The EIA report does not highlight the change in the atmospheric temperature as result of the power plant, either. The report says the temperature of the plant’s gaseous discharge, released in the atmosphere from a 275-metre high chimney, will be 125 degrees Celsius. It ‘hopes’ that the discharge will not cause a rise in the local atmospheric temperature. Suffice to say, such discharge would indeed raise the surrounding atmospheric temperature.
The most hazardous waste of the Rampal power plant will be two types of ash. As result of burning 4.72 million tonnes of coal per year, 750,000 tonnes of fly ash and 200,000 tonnes of bottom ash will be produced. These wastes, comprising fly ash, bottom ash and liquid ash, are extremely hazardous. They contain hazardous and radioactive metals like arsenic, lead, mercury, nickel, vanadium, beryllium, barium, cadmium, chromium, selenium and radium. The EIA report again resorts to evasion by stating that fly ash will be filtered before discharging through the chimney, and ‘some ash’ ‘may’ get into the atmosphere. The report deliberately keeps mum about the amount of this ‘some ash’. Even if it is one per cent of the ash produced per year, it means 7,500 tonnes of fly ash will be released in and around Sundarban, which would not only fatally affect the forest but also cause a range of lung diseases including pneumonia to people living nearby.
About waste management, the EIA report says fly ash ‘could’ be used in cement factories and brickfields, which appears tenuous. For example, Barapukuria produces more than 300 tonnes of fly ash in a day, none of which has been ever used in cement factories and brickfields. Rather, they are found dumped in surrounding locations which is spirally affecting the environment. Even after categorising the waste as ‘hazardous’, the report talks of 1,414 acres of landfill by these wastes. One wonders how a ‘Department of Environment’ can even suggest a process like that!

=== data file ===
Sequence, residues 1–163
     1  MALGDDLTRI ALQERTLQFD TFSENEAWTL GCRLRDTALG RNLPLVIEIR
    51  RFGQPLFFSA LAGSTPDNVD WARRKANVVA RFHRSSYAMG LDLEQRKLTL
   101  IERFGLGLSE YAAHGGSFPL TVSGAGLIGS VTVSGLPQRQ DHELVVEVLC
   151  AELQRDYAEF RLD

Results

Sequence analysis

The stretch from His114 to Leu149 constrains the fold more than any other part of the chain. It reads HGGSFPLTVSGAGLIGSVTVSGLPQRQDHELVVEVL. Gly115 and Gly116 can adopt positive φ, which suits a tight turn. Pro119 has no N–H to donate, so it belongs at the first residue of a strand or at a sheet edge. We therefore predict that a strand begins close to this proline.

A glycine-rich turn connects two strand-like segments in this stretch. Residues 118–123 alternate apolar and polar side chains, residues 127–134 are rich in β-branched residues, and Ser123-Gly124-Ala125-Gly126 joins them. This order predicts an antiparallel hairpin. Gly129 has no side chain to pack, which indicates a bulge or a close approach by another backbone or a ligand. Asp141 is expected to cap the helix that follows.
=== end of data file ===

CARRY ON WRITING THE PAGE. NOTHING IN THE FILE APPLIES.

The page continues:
Moreover, operations of a coal-based power plant entail turbine rotations, generators, compressors, pumps, cooling towers and transportations and manoeuvring of heavy loads and machineries, which are active reasons of extensive sound pollution; and given the proposed location of the plant, there would be multiplying impacts of such sound pollution. The EIA report talks of 50db limit during the day and 40db limit during night, but rules out any ‘sound pollution’, which it states would be prevented by the plant’s ‘green boundary’, meaning an artificial boundary made of trees around the plant. The report unfortunately fails to explain how does the department expect that the trees to grow big enough to prevent sound pollution from the very first day of the plant’s operations.
[Photo 4: Coal Transportation and handling for Rampal Project]
Pollution by coal transportation
ANOTHER major threat to the surrounding environment will be the transportation of a huge amount of coal to the plant. It is mentioned that 4.72 million tonnes of imported coal will be transported to Sundarban’s Akram Point using large ships. From there, lighterages will ship the coal to the plant. According to this plan, large ships will sail to the Akram Point, which is 30 kilometres deep into Sundarban, 59 times a year. The rest of the way to the plant, spanning 67 kilometres, will covered by a number of lighterages 236 times a year.
Even according to the evasive EIA report, the transportation of coal will affect the environment from three aspects. First, discharge of coal, dirt, fuel and other chemicals from the frequently sailing large and small ships will heavily contaminate the adjacent sea, rivers and the coast. Second, at Akram Point, where the transfer from the large ships to the small lighterages will take place, discharge of coal wastes to river water will cause contamination. Third, extensively frequent maritime transportation throughout the Passur will damage its banks, adding to the sound and light pollutions caused by the ships.